It was another moist day in New York. I grabbed doughnuts for my class before heading to my office, which meant two buses, three trains and a shuttle later—I was finally arriving at Rikers that evening.
The driver of the shuttle, in mid-conversation with another passenger when I got on said, “These volunteers and advocates come in here being all nice to these pieces of garbage. But were they nice to their victims?”
“Hell no,” the passenger answered.
I know my place and purpose so I didn’t feel the need to speak up. It didn’t matter that some of my students have confessed to crimes which had no victim unless you count the law itself. But indeed, there are other students whose crimes resulted in victimization.
In the words of Jim St. Germain, a friend who’s also a former-delinquent-turned-activist: “In my community [of Crown Heights Brooklyn] I had two choices—become predator or become prey. As you can imagine, I chose to become predator.”
In his memoir (A Stone of Hope, Harper Collins) St. Germain writes about his experiences of surviving the streets, getting locked up and finding salvation through people who believed in him. He luckily made New York’s cut-off at age 15 and was sent to a juvenile facility where he received intervention services and before being released after two years, had asked the judge for a third. He saw the positive impact of having people in his corner and wasn’t ready to be back on his own. The judge agreed and the young man eventually passed his GED with top scores, graduated with a degree in poli-sci and was appointed by President Obama as Juvenile Justice Council.
My point is that while my students might have been older and therefore sentenced into adult institutions for their crimes—they’re still worthy of having people believe in their future as productive human beings.
From what I’ve gathered in class conversations, being treated like shit started way before some of my students’ incarceration. It should not be ironic that our jails and prisons are ran by the Department of Corrections. Treating inmates as trash will not make our communities safer upon their release—especially when we know that some of the most violent criminals have evolved from being dumped on over a lifetime.
To be clear, I don’t ask my students about their crimes (though many are forthcoming). In fact, I try to dissolve the walls of the institution so that our writers can focus on digging into their past so that they can hold it up to a light and come up with ways to recreate the narrative of their future. Bringing in music and snacks are some of the ways I’m able to achieve that.
The age group I teach are still malleable. In the series we’re doing right now, ‘Following the Bread Crumbs’ we take trips down memory lane where we follow the trail back to the beginning and figure out what led them to where they are now. What we’ve been discovering is that it has been less of crimes or incidents and more of lifestyle-choices (though choice seems somewhat like a misnomer) that have brought them to this point.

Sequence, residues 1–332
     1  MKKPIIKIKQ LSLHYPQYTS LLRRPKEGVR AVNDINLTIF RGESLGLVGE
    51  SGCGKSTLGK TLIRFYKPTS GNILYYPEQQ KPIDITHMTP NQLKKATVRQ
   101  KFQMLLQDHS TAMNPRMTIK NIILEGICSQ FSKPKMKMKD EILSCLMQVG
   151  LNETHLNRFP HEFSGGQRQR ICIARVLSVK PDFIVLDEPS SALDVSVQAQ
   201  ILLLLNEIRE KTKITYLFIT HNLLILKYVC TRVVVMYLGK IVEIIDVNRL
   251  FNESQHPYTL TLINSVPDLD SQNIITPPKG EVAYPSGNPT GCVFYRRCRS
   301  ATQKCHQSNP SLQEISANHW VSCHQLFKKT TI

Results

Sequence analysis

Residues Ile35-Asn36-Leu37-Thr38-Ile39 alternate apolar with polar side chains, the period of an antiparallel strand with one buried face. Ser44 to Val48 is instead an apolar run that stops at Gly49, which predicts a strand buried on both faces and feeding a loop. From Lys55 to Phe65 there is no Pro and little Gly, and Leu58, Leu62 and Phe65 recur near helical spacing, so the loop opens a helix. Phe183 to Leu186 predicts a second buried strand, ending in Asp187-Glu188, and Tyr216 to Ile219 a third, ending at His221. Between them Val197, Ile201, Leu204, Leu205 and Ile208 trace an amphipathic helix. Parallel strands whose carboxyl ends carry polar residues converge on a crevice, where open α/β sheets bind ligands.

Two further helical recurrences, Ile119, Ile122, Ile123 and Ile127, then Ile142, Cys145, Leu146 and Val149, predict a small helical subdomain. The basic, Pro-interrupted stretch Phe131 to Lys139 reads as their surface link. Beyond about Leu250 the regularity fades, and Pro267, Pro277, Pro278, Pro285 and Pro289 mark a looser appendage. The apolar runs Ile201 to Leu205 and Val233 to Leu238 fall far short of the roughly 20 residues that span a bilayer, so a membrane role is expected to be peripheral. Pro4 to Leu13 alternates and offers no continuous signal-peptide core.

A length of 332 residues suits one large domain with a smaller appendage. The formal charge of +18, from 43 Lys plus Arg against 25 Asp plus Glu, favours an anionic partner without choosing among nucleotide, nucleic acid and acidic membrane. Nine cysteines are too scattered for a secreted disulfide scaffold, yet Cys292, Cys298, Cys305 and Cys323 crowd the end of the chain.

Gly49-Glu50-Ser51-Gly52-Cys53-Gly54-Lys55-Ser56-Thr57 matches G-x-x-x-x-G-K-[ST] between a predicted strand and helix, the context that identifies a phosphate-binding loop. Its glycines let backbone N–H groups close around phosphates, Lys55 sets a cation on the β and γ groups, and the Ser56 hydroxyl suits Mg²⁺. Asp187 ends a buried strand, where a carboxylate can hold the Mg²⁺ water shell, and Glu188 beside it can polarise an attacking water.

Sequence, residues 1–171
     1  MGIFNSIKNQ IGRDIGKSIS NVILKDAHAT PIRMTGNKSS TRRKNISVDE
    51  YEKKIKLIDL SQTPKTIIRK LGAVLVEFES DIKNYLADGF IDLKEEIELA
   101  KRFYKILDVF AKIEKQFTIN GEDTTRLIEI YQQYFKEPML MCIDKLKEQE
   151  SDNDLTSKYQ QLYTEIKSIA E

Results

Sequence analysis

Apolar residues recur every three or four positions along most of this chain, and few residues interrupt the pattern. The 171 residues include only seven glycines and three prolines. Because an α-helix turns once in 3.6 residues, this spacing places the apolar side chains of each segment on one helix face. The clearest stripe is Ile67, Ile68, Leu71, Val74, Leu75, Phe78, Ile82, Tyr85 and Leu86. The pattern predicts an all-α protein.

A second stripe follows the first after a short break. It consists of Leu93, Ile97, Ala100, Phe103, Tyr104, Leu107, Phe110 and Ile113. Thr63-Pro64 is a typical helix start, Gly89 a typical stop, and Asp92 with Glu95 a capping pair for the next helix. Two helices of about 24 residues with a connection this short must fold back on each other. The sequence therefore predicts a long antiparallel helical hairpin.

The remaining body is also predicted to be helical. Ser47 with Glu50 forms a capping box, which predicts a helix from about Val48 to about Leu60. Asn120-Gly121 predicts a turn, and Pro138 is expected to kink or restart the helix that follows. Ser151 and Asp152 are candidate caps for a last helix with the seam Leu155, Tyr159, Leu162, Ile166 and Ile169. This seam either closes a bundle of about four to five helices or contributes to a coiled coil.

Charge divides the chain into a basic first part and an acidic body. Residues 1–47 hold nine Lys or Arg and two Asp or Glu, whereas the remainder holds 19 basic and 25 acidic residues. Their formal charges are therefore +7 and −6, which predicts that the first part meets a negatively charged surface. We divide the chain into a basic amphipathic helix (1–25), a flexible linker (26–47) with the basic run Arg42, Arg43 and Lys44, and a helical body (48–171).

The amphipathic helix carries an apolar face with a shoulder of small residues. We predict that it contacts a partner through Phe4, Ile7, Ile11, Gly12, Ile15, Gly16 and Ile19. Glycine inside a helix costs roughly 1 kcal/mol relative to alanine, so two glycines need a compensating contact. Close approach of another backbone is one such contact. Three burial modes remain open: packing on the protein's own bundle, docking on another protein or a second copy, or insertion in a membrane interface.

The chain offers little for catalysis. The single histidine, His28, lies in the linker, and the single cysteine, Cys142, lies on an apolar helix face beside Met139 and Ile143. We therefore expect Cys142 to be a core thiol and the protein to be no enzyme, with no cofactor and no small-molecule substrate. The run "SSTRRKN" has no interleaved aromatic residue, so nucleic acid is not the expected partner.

It’s no surprise that when I ask them to choose an emotion they identify with, anger is a top pick. And for a sound that anger makes—glt, glt—BOOM!—the sound of a gun is chosen by different students in different classrooms (meaning they are not copying, but really feeling this). I’ve gotten used to hearing stories that start with, “It was a day I left home without my box cutter and…(insert getting jumped or beaten up here).
How one sees themselves is often a reflection of how they think the world views them. If we are indeed to work towards rehabilitation, changing that view might rely on outside affirmations. Thanks to all the support of the community (you reading this) we’ve been able to tell our students how excited you’ve been to hear their stories and how you’ve come forward and donated funds for snacks and class materials (they enjoyed the doughnuts!). To know that not everyone thinks like the bus driver has been a powerful piece to their upward puzzle.
Thank you. Please enjoy this week’s bread crumb trail…
(currently-incarcerated students’ work has been taken down, pending department approval)
My anger tastes like
My anger is hard with
It’s a machine gun
My anger is lighting in a storm
It’s a lion
No, fuck that
It’s a gorilla
It’s a ripped-up shirt.
My confusion is a time machine
I keep going back
My boo is a sunset on a private island